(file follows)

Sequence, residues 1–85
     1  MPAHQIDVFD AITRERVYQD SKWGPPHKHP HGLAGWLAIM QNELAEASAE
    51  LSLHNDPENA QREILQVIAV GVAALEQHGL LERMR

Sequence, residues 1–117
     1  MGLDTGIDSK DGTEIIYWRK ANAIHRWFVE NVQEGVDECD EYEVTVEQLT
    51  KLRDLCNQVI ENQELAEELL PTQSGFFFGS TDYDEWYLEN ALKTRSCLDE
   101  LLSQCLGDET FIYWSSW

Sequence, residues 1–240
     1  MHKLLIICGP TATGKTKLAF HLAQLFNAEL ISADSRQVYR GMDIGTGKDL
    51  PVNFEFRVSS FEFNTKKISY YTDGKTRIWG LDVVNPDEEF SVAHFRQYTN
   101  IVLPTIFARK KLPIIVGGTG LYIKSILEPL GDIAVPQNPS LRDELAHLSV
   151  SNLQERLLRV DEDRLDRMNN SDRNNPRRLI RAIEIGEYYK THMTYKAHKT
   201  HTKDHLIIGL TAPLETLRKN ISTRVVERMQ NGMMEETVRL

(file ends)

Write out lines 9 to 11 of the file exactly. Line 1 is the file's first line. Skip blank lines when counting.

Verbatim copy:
     1  MHKLLIICGP TATGKTKLAF HLAQLFNAEL ISADSRQVYR GMDIGTGKDL
    51  PVNFEFRVSS FEFNTKKISY YTDGKTRIWG LDVVNPDEEF SVAHFRQYTN
   101  IVLPTIFARK KLPIIVGGTG LYIKSILEPL GDIAVPQNPS LRDELAHLSV